It matters little on the road, though, the V6 petrol an effortless and quiet engine providing plenty of motivation. Matched to Hyundai’s eight-speed auto (up two ratios on the outgoing four-pot), the Santa Fe’s powertrain offers an easy driving experience. Whereas the old 2.4-litre four always felt a little underdone in this circa-1800kg large SUV, the addition of two cylinders and two cogs has lifted the Santa Fe to another level.

Its momentum is effortless, and quiet, the eight-speed auto unobtrusive with barely perceptible shifts. Torque steer? Not on our watch.

Out on the highway, the V6 hums along quietly, barely breaking into a sweat, sitting at 1500rpm at 100km/h. Need a surge of speed for an overtake, and the V6 responds quickly and gently. It really is a lovely combination.

Toggling through drive modes alters the engine and transmission characteristics, although the change between Eco and Comfort is not noticeable. Dial up Sport, however, and the transmission holds onto revs a little longer while the steering gains some meatiness. The thought of having a dig, though, in this comfortable family hauler seems a bit incongruous. Leave it in Comfort is our tip.

Hyundai claims the new 3.5-litre V6 can get by on 10.6L/100km of regular unleaded on the combined cycle.

The long-term readout on our test car was showing 12.0L/100km, but pleasingly we saw as low as 8.9L/100km on a 200km drive combining city traffic with highway runs, before settling at 9.8L/100km at the end of several days of urban running. That’s a decent return.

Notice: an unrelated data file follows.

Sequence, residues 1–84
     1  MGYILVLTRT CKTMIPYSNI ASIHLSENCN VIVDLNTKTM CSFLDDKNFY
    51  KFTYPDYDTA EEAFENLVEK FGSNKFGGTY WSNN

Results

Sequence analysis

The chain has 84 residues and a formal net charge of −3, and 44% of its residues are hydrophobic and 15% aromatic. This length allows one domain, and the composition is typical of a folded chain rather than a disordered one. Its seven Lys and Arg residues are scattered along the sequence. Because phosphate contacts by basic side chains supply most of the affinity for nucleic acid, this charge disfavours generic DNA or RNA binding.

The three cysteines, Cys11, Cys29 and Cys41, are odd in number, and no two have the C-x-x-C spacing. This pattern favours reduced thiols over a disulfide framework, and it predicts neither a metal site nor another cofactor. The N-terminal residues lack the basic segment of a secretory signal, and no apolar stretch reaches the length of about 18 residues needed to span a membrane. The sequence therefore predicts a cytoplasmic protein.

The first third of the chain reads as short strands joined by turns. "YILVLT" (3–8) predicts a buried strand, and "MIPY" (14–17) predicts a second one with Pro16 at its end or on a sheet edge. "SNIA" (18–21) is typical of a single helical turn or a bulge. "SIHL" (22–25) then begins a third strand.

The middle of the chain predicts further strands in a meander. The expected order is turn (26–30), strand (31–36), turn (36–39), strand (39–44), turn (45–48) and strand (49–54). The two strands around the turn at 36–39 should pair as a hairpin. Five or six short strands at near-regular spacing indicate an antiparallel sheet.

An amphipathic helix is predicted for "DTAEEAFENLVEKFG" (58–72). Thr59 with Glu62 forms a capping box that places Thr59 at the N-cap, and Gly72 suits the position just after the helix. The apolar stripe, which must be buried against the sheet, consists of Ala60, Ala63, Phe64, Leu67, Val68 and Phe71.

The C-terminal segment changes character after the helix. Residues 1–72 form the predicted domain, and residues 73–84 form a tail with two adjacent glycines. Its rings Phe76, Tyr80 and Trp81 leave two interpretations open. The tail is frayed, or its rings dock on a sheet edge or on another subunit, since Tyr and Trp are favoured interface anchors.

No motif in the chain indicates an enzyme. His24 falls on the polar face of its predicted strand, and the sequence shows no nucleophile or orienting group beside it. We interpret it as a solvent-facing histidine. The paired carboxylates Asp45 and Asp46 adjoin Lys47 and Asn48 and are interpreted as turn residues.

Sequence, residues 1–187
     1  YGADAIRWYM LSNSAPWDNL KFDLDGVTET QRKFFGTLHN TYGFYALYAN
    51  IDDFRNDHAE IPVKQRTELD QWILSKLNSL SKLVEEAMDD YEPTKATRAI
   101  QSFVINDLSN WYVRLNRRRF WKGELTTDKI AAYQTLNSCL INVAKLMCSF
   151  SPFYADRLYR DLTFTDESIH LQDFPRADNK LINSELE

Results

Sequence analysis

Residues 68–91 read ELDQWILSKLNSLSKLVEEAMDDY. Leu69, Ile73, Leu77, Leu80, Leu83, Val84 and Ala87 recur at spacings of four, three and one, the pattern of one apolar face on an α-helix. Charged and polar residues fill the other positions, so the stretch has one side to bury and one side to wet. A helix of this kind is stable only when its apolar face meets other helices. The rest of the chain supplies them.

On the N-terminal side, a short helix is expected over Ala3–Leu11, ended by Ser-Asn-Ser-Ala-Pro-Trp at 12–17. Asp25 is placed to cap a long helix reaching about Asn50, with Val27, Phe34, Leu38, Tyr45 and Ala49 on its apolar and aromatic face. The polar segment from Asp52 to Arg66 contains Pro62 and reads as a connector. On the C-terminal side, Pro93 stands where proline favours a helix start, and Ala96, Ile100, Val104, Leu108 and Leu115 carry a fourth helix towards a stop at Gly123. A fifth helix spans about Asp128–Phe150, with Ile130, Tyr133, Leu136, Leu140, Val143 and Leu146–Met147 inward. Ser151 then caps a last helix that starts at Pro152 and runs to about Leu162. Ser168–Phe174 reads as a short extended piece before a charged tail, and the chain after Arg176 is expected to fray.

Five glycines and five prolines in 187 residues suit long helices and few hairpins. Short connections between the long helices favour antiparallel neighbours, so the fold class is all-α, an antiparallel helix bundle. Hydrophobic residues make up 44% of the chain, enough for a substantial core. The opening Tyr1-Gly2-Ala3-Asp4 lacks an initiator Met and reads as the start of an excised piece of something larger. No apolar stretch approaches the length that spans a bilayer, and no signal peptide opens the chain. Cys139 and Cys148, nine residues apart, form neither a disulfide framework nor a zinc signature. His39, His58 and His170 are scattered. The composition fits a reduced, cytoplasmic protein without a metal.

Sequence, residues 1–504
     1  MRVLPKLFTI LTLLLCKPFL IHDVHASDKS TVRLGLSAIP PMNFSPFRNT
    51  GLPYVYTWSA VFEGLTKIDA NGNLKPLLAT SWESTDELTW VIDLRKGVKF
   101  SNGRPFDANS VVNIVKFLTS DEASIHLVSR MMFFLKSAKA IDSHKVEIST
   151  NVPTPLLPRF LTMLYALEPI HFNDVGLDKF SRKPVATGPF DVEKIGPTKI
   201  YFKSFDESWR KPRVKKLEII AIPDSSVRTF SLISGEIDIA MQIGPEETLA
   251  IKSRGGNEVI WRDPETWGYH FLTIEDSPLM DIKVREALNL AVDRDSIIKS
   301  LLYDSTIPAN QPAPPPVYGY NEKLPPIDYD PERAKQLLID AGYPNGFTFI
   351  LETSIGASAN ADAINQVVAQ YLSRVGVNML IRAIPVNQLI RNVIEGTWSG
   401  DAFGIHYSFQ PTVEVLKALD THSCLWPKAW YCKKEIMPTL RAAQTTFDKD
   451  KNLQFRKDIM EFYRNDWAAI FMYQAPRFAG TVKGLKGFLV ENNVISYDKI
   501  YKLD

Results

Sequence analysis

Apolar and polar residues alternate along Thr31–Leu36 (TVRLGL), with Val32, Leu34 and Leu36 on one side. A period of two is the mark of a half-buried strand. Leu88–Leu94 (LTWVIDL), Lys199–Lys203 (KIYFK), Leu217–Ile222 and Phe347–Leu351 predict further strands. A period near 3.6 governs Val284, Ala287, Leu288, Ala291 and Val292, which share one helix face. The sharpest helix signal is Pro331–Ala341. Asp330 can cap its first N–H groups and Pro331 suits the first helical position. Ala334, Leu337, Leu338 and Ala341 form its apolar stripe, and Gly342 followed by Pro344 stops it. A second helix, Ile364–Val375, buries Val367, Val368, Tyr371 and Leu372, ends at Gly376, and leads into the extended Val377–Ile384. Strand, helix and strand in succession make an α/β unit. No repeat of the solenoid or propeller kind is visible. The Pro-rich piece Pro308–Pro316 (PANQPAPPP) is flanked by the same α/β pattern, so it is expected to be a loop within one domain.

Perhaps the Santa Fe’s best attribute is its superb ride on the locally tuned suspension. It is, in a word, sublime. Comfortable, cossetting, isolating, the Santa Fe glides over even the worst Sydney’s roads can throw at it, all while remaining whisper quiet inside the cabin. And this despite sitting on 19-inch alloys with low-profile Conti’ rubber.

Large hits do little to upset the Santa Fe, either, the seven-seater quick to settle after negotiating speed humps and the like. It’s a composure of damping that screams of quality and thoughtfulness to the end user.

Hyundai hasn’t scrimped on safety tech either, with even the base Active model scoring the brand’s SmartSense suite, which includes autonomous emergency braking, blind-spot monitoring, rear cross-traffic alert, lane-keep assist and adaptive cruise control.

The lane-keep assist (which can be switched off via a button on the dash) is pretty gentle in its execution, with smooth nudges keeping the Santa Fe on track.

Not every system out there can make the same claim, some with jerky inputs that can be quite alarming. ANCAP awarded the Santa Fe a five-star safety rating in 2018.

Servicing comes in at 12 months or 15,000km, and will set you back $330 per visit to the dealership for the first five visits, bar the 48-month visit that is slightly higher at $390. That’s a total of $1710 for the first five years of ownership. The Santa Fe comes with a five-year/unlimited-kilometre warranty.

With its new V6 petrol engine, the range-topping Santa Fe Highlander is an impressive seven-seat SUV. From the high levels of interior refinement, its long list of standard inclusions, to its willing performance and outstanding road manners, this newly invigorated Highlander has stepped up another level.